Financial Trade Body Small Business Lenders as Bad as Payday Loans

Business Lender

Since the economic collapse, consumers have been complaining about how the payday loan industry has taken advantage of cash-strapped individuals. Critics often argue that payday loan businesses often force customers to enter into a never ending spiral of debt with exorbitant interest rates, excessive fees and constant renewal of loans. This, they say, is predatory.

Well, it’s not just consumers who may be facing that same challenge in the future. Small businesses could be on their way to embark upon that astronomical and tragic debt trap.

According to warnings from a financial trade body in the United Kingdom, small businesses lenders are trying to enter the marketplace. When startups are trying to look for funding and expand their operations, they become desperate for loans, and they can then turn to unscrupulous lenders. Without regulations, small businesses will lack the protections from these lending firms.

The National Association of Commercial Finance Brokers (NACFB) says that it has rejected 40 new lenders since 2014. These lenders have been attempting to place their nationwide sales team and brokers on the payroll of many small businesses when it comes to finances. They have previously succeeded in doing so because between 2011 and 2013, only five lenders were rejected.

So what is exactly wrong with these small business lenders? They maintain a similar business model as payday loan establishments such as Landmark Cash: they charge very high interest rates and exorbitant fees. The average rate new lenders are charging is about five percent per month.

These small business lenders have also been unwilling to show what their source of capital is, while shielding their track records, the NACFB notes. The organization did not name these firms.
NACFB CEO Adam Tyler explained that many new financial lenders are trying to take advantage of small businesses, particularly in today’s economy. Many small businesses are being turned down for funding from their financial institutions so they eventually become very desperate. Even in a low interest rate environment, banks aren’t taking risks.

“Small businesses are doing better because the economy is doing better,” he said. “They are getting more orders and employing more staff and if the banks won’t help them, they’ve got to get the money from somewhere.”

He added: “They are as bad as the payday lenders in consumer credit.”

The NACFB is concerned because consumers are pretty much protected today from businesses charging usurious rates and fees. However, limited companies are not, which means there would be no reparations or recourse if they are taken advantage of by these unscrupulous firms.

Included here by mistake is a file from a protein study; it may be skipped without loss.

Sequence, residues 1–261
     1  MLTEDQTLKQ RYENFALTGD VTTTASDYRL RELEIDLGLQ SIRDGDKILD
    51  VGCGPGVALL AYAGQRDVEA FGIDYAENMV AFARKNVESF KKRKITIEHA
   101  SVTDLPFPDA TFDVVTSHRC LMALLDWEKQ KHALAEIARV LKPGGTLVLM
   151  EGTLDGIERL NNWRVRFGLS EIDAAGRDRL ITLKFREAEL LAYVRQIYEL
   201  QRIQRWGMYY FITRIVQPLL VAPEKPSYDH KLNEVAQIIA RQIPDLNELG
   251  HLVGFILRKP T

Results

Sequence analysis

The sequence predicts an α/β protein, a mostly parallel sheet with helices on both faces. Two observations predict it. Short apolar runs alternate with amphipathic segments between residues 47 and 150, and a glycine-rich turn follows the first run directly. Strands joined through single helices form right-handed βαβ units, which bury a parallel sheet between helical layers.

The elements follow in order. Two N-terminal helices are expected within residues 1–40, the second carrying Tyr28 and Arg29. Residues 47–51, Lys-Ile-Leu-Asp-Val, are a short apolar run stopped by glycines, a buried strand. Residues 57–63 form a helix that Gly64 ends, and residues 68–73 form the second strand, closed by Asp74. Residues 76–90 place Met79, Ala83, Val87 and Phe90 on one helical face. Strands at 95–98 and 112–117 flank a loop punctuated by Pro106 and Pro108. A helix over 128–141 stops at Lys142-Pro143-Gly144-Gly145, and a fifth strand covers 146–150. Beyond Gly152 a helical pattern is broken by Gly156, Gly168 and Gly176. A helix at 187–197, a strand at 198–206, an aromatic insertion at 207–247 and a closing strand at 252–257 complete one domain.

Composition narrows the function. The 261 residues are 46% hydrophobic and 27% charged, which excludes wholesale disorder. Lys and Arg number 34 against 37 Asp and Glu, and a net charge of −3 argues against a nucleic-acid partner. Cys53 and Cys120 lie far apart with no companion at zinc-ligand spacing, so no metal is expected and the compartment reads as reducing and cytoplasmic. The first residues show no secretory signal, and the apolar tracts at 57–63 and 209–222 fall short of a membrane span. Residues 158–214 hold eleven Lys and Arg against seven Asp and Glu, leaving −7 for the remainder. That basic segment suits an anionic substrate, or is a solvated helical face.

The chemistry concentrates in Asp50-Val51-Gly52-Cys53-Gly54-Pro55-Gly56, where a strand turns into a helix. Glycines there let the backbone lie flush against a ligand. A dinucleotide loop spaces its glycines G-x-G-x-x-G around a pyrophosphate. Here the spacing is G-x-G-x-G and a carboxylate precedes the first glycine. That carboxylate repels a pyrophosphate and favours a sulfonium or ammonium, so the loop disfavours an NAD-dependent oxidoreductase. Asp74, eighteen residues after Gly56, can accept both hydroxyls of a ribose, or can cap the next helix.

Right now, small businesses are being protected by various trade industry groups. For the most part, trade associations are forbidding these types of lenders from coming into the market. However, NACFB officials warn that small businesses have to check before they start to borrow from the lender just in case they make it through the cracks.

As the Financial Conduct Authority (FCA) continues to clamp down on payday loan stores, only time will tell to determine if the government regulatory body will crack down on small business lenders. If the NACFB is correct, new rules and regulations are urgent.


Younger People Setting the Standard when it comes to Saving Money

young people walking

Younger people in the United States often get a bad rap for getting themselves into debt, being financially unaware, and not saving money or investing in their future such as looking at pension schemes. However, a recent report has suggested that younger people may be far more savvy when it comes to saving money than many people think. In fact, it has been suggested that younger people in America may be setting the standard when it comes to saving compared to those aged thirty and over.

The data comes from a recent Bankrate study, which shows that when it comes to people ages thirty and over only around half of this age group are putting aside at least 5 percent of their income on a yearly basis. However, when it comes to younger people  the rate goes up to one in three, showing that older consumers are not necessarily ahead of the game when it comes to putting money aside.

Learning a lesson from the financial crisis

According to one official who was involved with the survey, one of the reasons behind younger people being savvy when it came to saving money was because the financial crisis in America and around the globe came during their formative years. This had enabled many of them to learn valuable lessons from the financial situation they saw emerging all around them, which they had then carried with them during the years following the crisis.

Not only did the survey show that more younger people were putting aside a decent chunk of their income each year but it showed that close to 30 percent were saving more than 10 percent of their money each year. In fact, the number of people covering all ages who are saving 10 percent or more of their income has increased over the past year according to the data from the report.

An industry official said that it was particularly important for younger people to make sure that they were saving a decent chunk of their income each year due to the unpredictable future that they faced. With concerns over things such as retirement, social security, increased medical costs, employment issues, and longer life spans, younger people would be under more pressure to have money stashed away than many older people. He said that having a financial lifeline when younger could save people a lot of problems in the future.